On Friday, the US Centers for Disease Control and Prevention (CDC) announced the agency would end Title 42, which blocked people from seeking asylum due to the pandemic. The policy, introduced by former President Donald Trump, will be terminated on May 23.
“After considering current public health conditions and an increased availability of tools to fight COVID-19 (such as highly effective vaccines and therapeutics), the CDC Director has determined that an Order suspending the right to introduce migrants into the United States is no longer necessary,” the CDC added.
Before the final termination of Title 42, the Department of Homeland Security (DHS) will have time to implement appropriate COVID-19 mitigation protocols, such as scaling up a program to provide COVID-19 vaccinations to migrants and prepare for the resumption of regular migration under Title 8.
“Once the Title 42 Order is no longer in place, DHS will process individuals encountered at the border pursuant to Title 8, which is the standard procedure we use to place individuals in removal proceedings,” Homeland Security Secretary Alejandro Mayorkas said in a statement Friday. “Nonetheless, we know that smugglers will spread misinformation to take advantage of vulnerable migrants. Let me be clear: those unable to establish a legal basis to remain in the United States will be removed,” he added.
Under Title 42, asylum seekers were previously turned away at the border to curb the spread of COVID-19. However, last month, the CDC terminated the policy for unaccompanied migrant children only.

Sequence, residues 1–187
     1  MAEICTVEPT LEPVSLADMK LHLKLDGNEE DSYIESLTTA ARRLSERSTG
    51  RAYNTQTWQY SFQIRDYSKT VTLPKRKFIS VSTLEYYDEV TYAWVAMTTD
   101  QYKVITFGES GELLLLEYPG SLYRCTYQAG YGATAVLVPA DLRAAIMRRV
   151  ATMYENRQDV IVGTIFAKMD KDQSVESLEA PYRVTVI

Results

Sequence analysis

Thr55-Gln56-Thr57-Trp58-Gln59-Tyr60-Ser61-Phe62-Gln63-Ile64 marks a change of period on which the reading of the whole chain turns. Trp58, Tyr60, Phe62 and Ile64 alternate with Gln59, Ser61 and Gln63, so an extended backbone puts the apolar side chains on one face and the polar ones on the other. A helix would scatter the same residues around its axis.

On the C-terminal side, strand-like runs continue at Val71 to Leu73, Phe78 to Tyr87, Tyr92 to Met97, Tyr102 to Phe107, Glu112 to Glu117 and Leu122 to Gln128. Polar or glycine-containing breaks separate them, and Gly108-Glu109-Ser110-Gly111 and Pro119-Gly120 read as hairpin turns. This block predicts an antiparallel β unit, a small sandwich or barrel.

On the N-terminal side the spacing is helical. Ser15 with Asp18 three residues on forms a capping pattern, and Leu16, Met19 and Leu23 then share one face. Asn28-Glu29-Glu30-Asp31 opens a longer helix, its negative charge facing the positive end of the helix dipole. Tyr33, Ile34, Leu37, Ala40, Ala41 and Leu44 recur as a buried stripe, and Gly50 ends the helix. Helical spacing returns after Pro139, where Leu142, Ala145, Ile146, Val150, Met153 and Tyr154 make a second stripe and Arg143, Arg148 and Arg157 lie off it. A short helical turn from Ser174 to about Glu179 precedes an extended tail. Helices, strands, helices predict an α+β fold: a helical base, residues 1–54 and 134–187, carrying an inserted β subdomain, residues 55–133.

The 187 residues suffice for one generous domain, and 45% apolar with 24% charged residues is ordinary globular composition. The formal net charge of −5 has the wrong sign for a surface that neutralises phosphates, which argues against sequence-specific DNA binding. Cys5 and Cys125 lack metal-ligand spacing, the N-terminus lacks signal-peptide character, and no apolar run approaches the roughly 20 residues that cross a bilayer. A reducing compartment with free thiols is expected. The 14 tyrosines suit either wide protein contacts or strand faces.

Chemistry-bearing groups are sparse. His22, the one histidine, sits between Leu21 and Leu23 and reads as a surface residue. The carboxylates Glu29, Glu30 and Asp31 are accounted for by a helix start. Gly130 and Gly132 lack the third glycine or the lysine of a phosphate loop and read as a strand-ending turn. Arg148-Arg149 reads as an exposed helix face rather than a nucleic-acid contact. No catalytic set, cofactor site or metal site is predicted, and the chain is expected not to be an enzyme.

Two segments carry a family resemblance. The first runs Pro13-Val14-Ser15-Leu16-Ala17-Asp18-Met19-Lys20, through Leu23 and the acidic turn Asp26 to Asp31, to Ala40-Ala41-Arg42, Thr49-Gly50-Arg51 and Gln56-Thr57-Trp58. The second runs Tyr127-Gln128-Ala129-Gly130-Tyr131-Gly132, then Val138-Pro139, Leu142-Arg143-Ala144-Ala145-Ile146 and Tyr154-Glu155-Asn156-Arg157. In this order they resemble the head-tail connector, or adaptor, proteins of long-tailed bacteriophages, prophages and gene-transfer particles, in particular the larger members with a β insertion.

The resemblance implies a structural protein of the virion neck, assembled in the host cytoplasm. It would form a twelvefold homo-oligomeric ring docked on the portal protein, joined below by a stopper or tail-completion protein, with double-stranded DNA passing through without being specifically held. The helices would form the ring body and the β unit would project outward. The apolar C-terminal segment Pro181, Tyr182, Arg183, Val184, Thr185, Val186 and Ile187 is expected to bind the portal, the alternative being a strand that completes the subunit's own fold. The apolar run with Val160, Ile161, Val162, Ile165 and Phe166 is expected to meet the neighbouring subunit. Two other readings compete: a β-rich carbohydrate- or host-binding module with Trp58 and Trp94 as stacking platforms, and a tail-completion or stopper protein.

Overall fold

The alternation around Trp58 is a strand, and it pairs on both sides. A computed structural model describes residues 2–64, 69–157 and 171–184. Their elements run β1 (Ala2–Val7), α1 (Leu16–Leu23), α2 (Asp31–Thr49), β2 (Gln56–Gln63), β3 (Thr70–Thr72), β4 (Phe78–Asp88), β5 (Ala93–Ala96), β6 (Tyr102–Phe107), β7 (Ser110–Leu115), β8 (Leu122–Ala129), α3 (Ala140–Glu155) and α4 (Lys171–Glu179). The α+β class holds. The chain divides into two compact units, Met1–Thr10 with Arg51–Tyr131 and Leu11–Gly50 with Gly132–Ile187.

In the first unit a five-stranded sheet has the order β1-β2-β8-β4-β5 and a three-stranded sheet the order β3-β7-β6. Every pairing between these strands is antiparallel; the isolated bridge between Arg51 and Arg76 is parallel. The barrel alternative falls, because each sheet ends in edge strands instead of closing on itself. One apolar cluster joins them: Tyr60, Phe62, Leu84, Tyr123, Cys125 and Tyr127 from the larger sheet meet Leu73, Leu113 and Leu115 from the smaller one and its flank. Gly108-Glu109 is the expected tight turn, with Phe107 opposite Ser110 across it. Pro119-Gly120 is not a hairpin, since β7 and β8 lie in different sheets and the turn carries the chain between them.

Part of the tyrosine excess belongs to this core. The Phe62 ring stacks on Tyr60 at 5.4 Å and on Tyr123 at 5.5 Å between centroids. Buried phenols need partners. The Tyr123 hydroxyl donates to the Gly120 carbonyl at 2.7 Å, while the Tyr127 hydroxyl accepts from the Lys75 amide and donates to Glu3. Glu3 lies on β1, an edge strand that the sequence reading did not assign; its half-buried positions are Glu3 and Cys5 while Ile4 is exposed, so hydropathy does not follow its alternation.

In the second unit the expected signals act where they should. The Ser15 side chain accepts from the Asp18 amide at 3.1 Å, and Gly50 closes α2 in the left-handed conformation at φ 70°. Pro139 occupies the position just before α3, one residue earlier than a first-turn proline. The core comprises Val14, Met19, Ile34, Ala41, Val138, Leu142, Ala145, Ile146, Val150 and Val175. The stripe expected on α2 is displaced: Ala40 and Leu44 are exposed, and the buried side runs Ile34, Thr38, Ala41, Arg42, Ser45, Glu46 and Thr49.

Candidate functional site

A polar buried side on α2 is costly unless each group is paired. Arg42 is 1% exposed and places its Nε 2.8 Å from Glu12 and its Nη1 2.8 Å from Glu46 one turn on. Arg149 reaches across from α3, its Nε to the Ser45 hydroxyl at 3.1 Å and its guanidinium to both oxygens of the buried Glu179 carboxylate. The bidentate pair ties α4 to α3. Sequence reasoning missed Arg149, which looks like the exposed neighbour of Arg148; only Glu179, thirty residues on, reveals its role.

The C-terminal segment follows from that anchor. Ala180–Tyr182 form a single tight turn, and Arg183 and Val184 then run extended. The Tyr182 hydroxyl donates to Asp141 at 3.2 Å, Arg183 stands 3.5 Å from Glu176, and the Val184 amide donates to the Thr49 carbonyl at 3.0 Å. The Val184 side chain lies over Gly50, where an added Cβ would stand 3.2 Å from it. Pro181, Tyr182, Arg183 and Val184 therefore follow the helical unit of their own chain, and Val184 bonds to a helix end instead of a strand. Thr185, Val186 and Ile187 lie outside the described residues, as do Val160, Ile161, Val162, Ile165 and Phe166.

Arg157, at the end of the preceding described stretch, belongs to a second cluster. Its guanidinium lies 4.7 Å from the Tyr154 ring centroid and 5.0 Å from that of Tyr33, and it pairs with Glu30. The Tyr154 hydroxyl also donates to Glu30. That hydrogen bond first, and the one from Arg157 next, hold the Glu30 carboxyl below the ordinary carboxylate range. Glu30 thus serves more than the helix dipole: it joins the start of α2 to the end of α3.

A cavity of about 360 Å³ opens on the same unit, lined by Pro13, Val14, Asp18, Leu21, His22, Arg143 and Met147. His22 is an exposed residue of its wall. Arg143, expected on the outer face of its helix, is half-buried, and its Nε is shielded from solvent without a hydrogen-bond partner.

Under the Immigration and Nationality Act (INA), an asylum seeker is someone who:
- Is located outside of the US
- Is of particular humanitarian concern to the US
- Demonstrates that they were persecuted or fear persecution due to race, religion, nationality, political opinion, or membership in a particular social group
- Is not firmly resettled in another country
- Is admissible to the US
In unusually harsh critiques of a president from their party, some of the congressional Democrats with the most challenging reelection prospects are warning that the administration is unprepared to handle the situation. Previous rises in migration have strained law enforcement agencies and nonprofits on the border trying to provide security and shelter.
“This is a crisis, and in my estimation, because of a lack of planning from the administration, it’s about to get worse,” said Sen. Mark Kelly of Arizona.
Advocates for immigrants and refugees in Arizona say it’s long past for the Biden administration to stop using public health rules to prevent people from claiming asylum.
Arizona’s senators seem to be looking at the border issue through a national political lens, said Joanna Williams, executive director of the Kino Border Initiative, which works in Nogales, Arizona, and Nogales, Mexico.
“They are underestimating Arizonans,” Williams said. “We really have a community of hospitality that can arise to the occasion and help people. The senators need to listen to what people here are saying. This isn’t Texas.”
The Associated Press contributed to this story.